“I think the turnout could have been larger,” Paletko said. “I hope it’s larger in November. This is an opportunity for people to pick their representatives, and hopefully get more involved in the process.”
During Paletko’s campaign he told The AANews that the Arab Americans are “the heart of the community.” Paletko said believes he is the most qualified for the mayoral seat because of his education, experiences and skills in leadership.
Hicks-Clayton responded to the results by saying that majority of residents are dissatisfied with the way Paletko has run the city and handled their neighborhoods.
“I’m grateful to everyone who came out in support of a better future for Dearborn Heights,” she said. “And a more responsive, receptive City Hall. I look forward to their support and help this fall. Over the next few months, I’ll be taking my message of responsible, compassionate and sensible governance to every corner of our city.”
Hicks-Clayton also said she wants to make sure everyone shows up to vote in November.
“With their support, we will create a brighter future for all our families and local businesses,” she said.
During her campaign, Hicks-Clayton told The AANews that one thing she would do as mayor would be to review and update the five-year master plan to maximize the Economic Development Department to better utilize resources and improve the economy.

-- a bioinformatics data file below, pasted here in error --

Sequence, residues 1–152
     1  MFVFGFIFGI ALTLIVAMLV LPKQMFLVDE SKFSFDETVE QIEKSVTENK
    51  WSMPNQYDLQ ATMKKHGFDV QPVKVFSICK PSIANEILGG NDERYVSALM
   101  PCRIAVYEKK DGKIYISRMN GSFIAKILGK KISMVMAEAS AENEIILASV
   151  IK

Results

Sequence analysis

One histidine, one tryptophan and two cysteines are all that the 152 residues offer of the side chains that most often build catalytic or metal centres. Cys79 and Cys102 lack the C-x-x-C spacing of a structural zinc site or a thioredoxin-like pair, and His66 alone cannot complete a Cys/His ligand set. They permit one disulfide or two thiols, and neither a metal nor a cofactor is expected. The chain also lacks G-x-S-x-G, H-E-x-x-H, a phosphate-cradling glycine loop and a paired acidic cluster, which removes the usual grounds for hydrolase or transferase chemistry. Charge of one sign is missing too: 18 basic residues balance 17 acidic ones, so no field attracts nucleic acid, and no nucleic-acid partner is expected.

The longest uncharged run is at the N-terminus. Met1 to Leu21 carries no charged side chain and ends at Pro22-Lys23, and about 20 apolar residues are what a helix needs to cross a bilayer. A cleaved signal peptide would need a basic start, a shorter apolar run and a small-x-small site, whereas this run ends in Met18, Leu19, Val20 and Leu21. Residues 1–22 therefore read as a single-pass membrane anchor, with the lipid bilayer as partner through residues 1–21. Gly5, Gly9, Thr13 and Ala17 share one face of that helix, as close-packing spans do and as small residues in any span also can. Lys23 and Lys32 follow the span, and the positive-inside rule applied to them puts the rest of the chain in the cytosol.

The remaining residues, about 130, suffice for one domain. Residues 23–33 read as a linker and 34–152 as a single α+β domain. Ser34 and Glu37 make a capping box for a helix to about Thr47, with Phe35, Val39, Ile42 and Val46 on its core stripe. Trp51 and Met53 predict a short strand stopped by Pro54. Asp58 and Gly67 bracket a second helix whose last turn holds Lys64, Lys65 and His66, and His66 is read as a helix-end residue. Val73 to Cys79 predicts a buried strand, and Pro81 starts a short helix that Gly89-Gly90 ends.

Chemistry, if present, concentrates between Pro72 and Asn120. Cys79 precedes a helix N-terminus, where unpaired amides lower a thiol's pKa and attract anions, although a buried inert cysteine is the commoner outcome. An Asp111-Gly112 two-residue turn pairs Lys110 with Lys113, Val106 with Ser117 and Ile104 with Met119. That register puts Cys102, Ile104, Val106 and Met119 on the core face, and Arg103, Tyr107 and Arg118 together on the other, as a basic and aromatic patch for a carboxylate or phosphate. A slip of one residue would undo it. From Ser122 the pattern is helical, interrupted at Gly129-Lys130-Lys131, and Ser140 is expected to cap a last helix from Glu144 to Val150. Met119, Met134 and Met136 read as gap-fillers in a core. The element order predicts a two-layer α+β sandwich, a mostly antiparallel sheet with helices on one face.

Despite low voter turnout, the City Council candidates could be found making the rounds at all the precincts.
Early in the day Baydoun was camped with his team at Henry Ford Elementary School, where he engaged voters and his representatives held signs and passed out snack crackers.
Baydoun said he received great feedback from voters, and that the turnout was nice though he felt it could have been better.
The early afternoon was the first litmus test for the low turnout. Only 34 voters had come to precinct one, which had 1,556 registered voters, and there were just under 60 at precinct two where 1,391 voters are registered.
On the north side, at the St. Sabina Catholic Church Activities Building, which houses precincts five and six, approximately 110 voters had stopped to vote by the afternoon. Between the two precincts there are a total of 2,643 registered voters.